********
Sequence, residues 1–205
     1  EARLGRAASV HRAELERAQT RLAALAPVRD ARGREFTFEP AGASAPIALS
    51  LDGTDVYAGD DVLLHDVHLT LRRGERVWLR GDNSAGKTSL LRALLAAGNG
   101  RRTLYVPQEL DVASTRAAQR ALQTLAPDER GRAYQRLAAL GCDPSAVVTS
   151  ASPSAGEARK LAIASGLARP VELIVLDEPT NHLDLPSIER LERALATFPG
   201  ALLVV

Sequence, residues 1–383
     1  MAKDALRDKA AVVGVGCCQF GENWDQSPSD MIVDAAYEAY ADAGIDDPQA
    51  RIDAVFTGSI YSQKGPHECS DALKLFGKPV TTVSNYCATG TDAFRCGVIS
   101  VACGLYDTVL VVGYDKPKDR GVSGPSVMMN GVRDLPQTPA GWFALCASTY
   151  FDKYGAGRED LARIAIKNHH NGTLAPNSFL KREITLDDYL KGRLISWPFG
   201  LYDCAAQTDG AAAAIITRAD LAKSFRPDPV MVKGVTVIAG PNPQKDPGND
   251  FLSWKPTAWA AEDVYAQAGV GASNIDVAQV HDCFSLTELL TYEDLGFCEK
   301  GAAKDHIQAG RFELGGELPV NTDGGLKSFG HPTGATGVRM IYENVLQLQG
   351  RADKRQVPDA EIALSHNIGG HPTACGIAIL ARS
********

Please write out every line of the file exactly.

Sequence, residues 1–205
     1  EARLGRAASV HRAELERAQT RLAALAPVRD ARGREFTFEP AGASAPIALS
    51  LDGTDVYAGD DVLLHDVHLT LRRGERVWLR GDNSAGKTSL LRALLAAGNG
   101  RRTLYVPQEL DVASTRAAQR ALQTLAPDER GRAYQRLAAL GCDPSAVVTS
   151  ASPSAGEARK LAIASGLARP VELIVLDEPT NHLDLPSIER LERALATFPG
   201  ALLVV

Sequence, residues 1–383
     1  MAKDALRDKA AVVGVGCCQF GENWDQSPSD MIVDAAYEAY ADAGIDDPQA
    51  RIDAVFTGSI YSQKGPHECS DALKLFGKPV TTVSNYCATG TDAFRCGVIS
   101  VACGLYDTVL VVGYDKPKDR GVSGPSVMMN GVRDLPQTPA GWFALCASTY
   151  FDKYGAGRED LARIAIKNHH NGTLAPNSFL KREITLDDYL KGRLISWPFG
   201  LYDCAAQTDG AAAAIITRAD LAKSFRPDPV MVKGVTVIAG PNPQKDPGND
   251  FLSWKPTAWA AEDVYAQAGV GASNIDVAQV HDCFSLTELL TYEDLGFCEK
   301  GAAKDHIQAG RFELGGELPV NTDGGLKSFG HPTGATGVRM IYENVLQLQG
   351  RADKRQVPDA EIALSHNIGG HPTACGIAIL ARS